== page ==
Sitting on the dock of the bay, watching an idle ferry

Canadian Coast Guard hovercraft
A Canadian Coast Guard hovercraft stands by, fans off and ready to evacuate passengers of the Queen of Surrey at BC Ferries’ Langdale terminal. Photo by Mike Robinson
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Canadian Coast Guard hovercraft
A Canadian Coast Guard hovercraft stands by, fans off and ready to evacuate passengers of the Queen of Surrey at BC Ferries’ Langdale terminal. Photo by Mike Robinson

Mike Robinson“Please be advised that the next sailing from Langdale to Horseshoe Bay has been delayed by at least four hours. Those passengers wishing instead to return to Powell River, please pull over to the right-hand side as you exit the ferry, and you will be guaranteed a return trip. …”

“Hmmmmm. What’s that all about?” I wondered to my son as we headed down to Vancouver.

“Let’s keep going,” he ventured. “We’ve both got appointments and things will probably work out.”

And so we did.

A quick glance at my cellphone indicated that the Queen of Surrey had somehow hit the Langdale wharf at about 8:10 a.m. It was now about 10:30 a.m. We stayed in touch as we wove our way down the Sunshine Coast Highway, wondering how the ferry hit the wharf.

“It’s probably some kind of mechanical failure,” I thought to myself. “I can’t imagine human error. After all, I’ve travelled this route for over 60 years and never heard of a ferry missing the slip or hitting the dock.”

At about noon, we pulled into the Langdale ferry terminal. The Queen of Surrey was strangely stopped with her bow wedged onto the very end of a concrete finger-float designed to guide the ferry into the slot for unloading. She was hung up on a metal spool of some kind.

We asked the ferry ticket attendant what our options were.

“Well, the next boat will be the Queen of Cowichan, probably about a 6:40 p.m. departure.”

“Can we leave the terminal and go to Gibsons for lunch?” I enquired.

“If you don’t have a reservation, you may miss the 6:40 as we can’t reserve your spot.”

So that was it – a six-and-a-half-hour wait at Langdale, B.C. A family record for sure.

We drove in and got spot No. 5 in the unreserved lane for the upper car deck. I got out and strolled down to the loading ramp. BC Ferries staff milled about looking concerned.

The Queen of Surrey had a sharply up-bent bow tongue and her crew and passengers were all looking down from the upper decks.

Two enormous red tug boats, the Seaspan Kestral and the Seaspan Raven, were idling along the ferry’s port side. Off to the east, a Canadian Coast Guard hovercraft was roaring towards us from its Vancouver base. A search and rescue Royal Canadian Airforce Buffalo plane was making lazy circles in the sky.

Surrounded by rescuers and uniformed BC Ferries staff, we waited. Occasional public announcements informed us of our likely departure time from Langdale: 6:40 p.m. still seemed possible.

Soon, TV news crews arrived and began setting up camera tripods on the adjacent beach and mud flats, next to where the Coast Guard hovercraft hauled out and shut down her fans.

I noted a growing crowd of baby boomer-aged men were laughing, gesturing and offering free advice from the crowd of waiting passengers. Nothing seemed to be happening. At one point, after 2 p.m., an older guy shouted out: “Hurry up!” The crowd broke out in laughter.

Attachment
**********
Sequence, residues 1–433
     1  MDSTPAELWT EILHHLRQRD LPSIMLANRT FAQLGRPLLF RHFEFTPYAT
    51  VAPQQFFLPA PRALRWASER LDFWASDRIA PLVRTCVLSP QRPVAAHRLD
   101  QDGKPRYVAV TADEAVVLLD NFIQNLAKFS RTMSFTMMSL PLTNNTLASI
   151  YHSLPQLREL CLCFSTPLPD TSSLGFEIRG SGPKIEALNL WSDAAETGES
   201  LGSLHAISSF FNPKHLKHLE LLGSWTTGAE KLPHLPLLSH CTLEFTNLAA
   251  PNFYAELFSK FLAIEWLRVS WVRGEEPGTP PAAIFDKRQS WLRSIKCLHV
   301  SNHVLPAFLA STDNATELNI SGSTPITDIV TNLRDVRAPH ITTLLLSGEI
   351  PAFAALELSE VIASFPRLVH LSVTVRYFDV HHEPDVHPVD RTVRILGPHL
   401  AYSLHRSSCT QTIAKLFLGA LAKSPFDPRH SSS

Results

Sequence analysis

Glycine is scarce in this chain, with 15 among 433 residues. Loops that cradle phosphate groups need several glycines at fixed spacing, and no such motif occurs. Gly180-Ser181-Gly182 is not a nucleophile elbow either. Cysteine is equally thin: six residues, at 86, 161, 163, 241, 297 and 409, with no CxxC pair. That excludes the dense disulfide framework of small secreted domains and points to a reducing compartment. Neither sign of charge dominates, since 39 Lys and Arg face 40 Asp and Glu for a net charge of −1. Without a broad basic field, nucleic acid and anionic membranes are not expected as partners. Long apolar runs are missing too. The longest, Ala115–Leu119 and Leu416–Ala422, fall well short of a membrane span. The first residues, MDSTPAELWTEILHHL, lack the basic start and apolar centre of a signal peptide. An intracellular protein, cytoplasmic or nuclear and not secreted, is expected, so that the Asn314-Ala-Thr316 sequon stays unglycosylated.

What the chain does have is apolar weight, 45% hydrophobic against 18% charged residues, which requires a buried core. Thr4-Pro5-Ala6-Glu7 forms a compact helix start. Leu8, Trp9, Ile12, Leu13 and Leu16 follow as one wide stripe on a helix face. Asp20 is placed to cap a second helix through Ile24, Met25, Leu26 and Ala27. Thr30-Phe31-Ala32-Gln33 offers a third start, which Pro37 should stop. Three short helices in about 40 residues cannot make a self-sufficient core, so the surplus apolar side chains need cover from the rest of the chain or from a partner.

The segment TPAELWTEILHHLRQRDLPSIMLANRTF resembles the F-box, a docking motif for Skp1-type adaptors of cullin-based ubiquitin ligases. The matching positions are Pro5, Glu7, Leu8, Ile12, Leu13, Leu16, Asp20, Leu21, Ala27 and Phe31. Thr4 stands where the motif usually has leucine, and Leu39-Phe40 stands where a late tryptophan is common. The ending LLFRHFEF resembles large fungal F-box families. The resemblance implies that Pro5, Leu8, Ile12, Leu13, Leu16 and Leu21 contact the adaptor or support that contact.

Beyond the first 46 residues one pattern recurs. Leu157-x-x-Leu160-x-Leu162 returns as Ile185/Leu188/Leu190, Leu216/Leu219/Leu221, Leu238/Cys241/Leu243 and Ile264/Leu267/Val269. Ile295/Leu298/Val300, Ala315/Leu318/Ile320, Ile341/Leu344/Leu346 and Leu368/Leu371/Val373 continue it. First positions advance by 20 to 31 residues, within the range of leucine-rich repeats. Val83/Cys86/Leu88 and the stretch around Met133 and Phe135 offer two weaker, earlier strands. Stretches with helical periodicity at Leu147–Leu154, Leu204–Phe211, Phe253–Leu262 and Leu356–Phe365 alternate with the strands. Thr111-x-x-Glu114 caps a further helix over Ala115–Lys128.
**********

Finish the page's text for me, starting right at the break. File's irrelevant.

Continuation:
At about 3 p.m., a welding crew with an arc cutter showed up and began cutting a chunk out of the upthrust bow plates.

The Kestral and the Raven made very controlled and impressive circles and reverses adjacent to the ferry. The crew on the hovercraft explained that they would stand by to evacuate the passengers if needed.

By now, many of us were wishing we had gone to town for lunch and a beer. We lined up at the terminal and bought ferry coffee and vegetable chilli instead.

Suddenly the PA system announced that Department of Transport approval would soon be granted to push the ferry free. The tugs nosed in and readied for the push.

Just after 6:30 p.m., they accomplished their task. With a great grinding of metal against metal, the Queen of Surrey was free of her wharf hookup. Then the tugs guided her back in to unload the cars and trucks. At about 7 p.m., the vehicles began their exits after 11 hours aboard ship.

Spontaneously, a crowd of onshore passengers and drivers lined up, waved and gave thumbs-up as the ‘survivors’ drove off, many honking, smiling and waving back. It was a Canadian moment.

This morning, I read that the stranded passengers had free food while on board! We had to pay for our dinner, and arrived home at 10 p.m. What a day.

Troy Media columnist Mike Robinson has been CEO of three Canadian NGOs: the Arctic Institute of North America, the Glenbow Museum and the Bill Reid Gallery.

The views, opinions and positions expressed by columnists and contributors are the author’s alone. They do not inherently or expressly reflect the views, opinions and/or positions of our publication.

By Mike Robinson

Mike Robinson’s career combined his academic training in Law and Anthropology at UBC and Oxford University, in frontier regulatory compliance work at Petro-Canada and PolarGas, and the leadership of three national NGOs: The Arctic Institute of North America, The Glenbow Alberta Institute, and The Bill Reid Gallery of Northwest Coast Art. In addition, he has chaired the national boards of Friends of the Earth, The David Suzuki Foundation, and the Canadian Parks and Wilderness Society. In 2004 he became a Member of the Order of Canada.

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